Mechanisms of action of plant sterols on inhibition of cholesterol absorption. Comparison of sitosterol and sitostanol.


Heinemann T, Kullak-Ublick GA, Pietruck B




Eur J Clin Pharmacol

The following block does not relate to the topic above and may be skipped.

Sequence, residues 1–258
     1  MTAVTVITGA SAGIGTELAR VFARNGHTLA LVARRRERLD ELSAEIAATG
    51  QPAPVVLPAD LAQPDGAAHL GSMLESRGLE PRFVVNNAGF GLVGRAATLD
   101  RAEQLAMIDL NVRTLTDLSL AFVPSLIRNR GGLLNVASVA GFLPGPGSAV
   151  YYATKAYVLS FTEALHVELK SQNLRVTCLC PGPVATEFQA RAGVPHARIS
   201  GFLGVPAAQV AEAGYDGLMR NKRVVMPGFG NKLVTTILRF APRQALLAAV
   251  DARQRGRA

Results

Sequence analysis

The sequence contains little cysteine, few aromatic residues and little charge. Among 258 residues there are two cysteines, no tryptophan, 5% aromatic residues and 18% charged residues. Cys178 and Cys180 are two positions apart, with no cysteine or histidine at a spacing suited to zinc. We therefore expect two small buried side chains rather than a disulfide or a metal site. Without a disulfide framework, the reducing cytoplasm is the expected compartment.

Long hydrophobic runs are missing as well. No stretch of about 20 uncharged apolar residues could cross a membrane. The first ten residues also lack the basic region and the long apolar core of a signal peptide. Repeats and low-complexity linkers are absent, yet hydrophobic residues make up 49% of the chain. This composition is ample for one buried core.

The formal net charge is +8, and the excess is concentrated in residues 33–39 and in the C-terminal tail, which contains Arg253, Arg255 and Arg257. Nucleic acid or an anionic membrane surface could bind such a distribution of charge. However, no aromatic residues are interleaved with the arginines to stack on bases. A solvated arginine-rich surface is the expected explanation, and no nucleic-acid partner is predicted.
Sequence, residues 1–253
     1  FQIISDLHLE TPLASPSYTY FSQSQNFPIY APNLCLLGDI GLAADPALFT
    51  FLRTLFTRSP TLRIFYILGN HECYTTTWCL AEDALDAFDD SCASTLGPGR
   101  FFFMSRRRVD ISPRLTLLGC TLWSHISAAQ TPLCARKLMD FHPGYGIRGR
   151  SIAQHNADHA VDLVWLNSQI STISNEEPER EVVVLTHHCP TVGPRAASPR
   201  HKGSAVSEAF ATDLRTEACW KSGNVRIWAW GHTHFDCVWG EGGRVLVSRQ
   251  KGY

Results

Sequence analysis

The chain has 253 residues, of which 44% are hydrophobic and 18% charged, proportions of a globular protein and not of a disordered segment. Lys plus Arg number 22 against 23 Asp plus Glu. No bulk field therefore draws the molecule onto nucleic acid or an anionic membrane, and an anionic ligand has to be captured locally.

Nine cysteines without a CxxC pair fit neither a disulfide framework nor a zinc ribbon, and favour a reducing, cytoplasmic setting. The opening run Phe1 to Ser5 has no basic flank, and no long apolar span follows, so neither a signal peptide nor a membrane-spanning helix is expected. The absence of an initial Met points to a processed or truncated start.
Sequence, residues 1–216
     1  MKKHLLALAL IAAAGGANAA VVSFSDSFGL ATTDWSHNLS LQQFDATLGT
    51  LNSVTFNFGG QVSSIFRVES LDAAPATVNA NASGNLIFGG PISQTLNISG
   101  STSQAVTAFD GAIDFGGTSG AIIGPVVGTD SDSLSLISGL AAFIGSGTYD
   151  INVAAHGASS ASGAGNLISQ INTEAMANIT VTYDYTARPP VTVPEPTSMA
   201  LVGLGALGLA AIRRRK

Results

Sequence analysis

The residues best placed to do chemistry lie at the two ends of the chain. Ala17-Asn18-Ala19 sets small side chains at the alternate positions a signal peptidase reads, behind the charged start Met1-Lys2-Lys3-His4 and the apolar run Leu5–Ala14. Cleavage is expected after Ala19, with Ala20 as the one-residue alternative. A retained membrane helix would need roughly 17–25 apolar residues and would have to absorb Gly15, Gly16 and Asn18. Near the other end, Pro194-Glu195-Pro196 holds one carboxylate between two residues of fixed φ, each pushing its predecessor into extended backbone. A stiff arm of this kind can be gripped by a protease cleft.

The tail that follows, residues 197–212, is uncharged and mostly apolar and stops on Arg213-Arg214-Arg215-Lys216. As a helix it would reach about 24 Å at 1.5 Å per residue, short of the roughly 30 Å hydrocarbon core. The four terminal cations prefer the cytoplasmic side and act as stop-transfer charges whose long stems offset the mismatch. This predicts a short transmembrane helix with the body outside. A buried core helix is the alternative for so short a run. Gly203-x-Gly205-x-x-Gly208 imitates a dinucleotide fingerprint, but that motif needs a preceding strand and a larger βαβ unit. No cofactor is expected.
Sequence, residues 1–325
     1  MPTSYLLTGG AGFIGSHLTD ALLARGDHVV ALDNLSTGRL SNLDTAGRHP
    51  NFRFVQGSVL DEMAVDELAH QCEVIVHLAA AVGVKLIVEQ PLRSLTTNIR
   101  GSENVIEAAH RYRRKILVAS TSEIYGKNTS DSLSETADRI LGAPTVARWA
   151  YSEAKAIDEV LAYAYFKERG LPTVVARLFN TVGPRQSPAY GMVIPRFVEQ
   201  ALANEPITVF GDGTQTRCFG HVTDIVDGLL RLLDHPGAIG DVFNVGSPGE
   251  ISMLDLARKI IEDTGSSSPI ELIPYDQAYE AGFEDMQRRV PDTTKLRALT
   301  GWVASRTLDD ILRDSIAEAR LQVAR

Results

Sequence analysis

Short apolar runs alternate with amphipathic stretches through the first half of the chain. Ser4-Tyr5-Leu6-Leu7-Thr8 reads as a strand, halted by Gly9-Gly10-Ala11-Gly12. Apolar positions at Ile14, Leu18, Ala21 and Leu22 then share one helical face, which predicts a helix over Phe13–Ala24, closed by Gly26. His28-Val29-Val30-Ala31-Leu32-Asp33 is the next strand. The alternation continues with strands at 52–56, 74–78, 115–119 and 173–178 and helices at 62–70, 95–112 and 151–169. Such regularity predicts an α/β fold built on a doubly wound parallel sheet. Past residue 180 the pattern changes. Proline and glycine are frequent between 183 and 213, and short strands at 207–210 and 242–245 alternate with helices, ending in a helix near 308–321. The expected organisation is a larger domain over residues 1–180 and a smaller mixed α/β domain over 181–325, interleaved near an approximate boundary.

The effects of two different plant sterols on intestinal cholesterol absorption were compared in normal volunteers by an intestinal perfusion study during a control period followed by high dose infusion of sitosterol or sitostanol (3.6 mumol/min), to which subjects were allocated in a randomized manner. Cholesterol absorption during the control period was similar in the two groups, averaging 0.88 +/- 0.48 mumol/min (32 +/- 11%) for group I (sitosterol) and 0.68 +/- 0.33 mumol/min (29 +/- 9%) for group II (sitostanol). The infusion of a high dose of sitosterol resulted in a significant reduction of cholesterol absorption to 0.47 mumol/min (16%). Following the same dose of sitostanol, cholesterol absorption diminished significantly to 0.15 +/- 0.11 mumol/min (5.1 +/- 2.9%). Overall cholesterol absorption declined during sitosterol infusion by almost 50%, whereas sitostanol infusion caused a reduction of cholesterol absorption by almost 85%. These findings of a more effective inhibition of cholesterol absorption by sitostanol might confirm the observation recorded by others that an increase in hydrophobicity of a plant sterol results in a higher affinity but lower capacity to mixed micells. This may cause an effective displacement of cholesterol from micellar binding and therefore diminished cholesterol absorption.